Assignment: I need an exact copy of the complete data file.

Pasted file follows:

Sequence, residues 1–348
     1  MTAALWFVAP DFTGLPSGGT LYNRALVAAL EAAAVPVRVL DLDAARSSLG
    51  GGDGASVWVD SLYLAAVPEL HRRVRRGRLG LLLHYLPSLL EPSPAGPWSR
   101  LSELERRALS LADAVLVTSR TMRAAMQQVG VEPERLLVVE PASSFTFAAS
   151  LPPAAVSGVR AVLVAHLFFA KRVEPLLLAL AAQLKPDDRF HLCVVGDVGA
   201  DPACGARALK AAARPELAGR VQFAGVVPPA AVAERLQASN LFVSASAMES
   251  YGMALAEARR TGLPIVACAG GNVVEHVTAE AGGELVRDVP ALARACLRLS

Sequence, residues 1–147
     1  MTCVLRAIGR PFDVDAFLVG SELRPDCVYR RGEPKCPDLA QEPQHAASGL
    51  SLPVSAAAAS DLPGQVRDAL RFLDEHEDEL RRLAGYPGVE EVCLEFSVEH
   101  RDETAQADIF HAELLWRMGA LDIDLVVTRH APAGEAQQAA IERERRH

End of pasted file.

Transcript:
Sequence, residues 1–348
     1  MTAALWFVAP DFTGLPSGGT LYNRALVAAL EAAAVPVRVL DLDAARSSLG
    51  GGDGASVWVD SLYLAAVPEL HRRVRRGRLG LLLHYLPSLL EPSPAGPWSR
   101  LSELERRALS LADAVLVTSR TMRAAMQQVG VEPERLLVVE PASSFTFAAS
   151  LPPAAVSGVR AVLVAHLFFA KRVEPLLLAL AAQLKPDDRF HLCVVGDVGA
   201  DPACGARALK AAARPELAGR VQFAGVVPPA AVAERLQASN LFVSASAMES
   251  YGMALAEARR TGLPIVACAG GNVVEHVTAE AGGELVRDVP ALARACLRLS

Sequence, residues 1–147
     1  MTCVLRAIGR PFDVDAFLVG SELRPDCVYR RGEPKCPDLA QEPQHAASGL
    51  SLPVSAAAAS DLPGQVRDAL RFLDEHEDEL RRLAGYPGVE EVCLEFSVEH
   101  RDETAQADIF HAELLWRMGA LDIDLVVTRH APAGEAQQAA IERERRH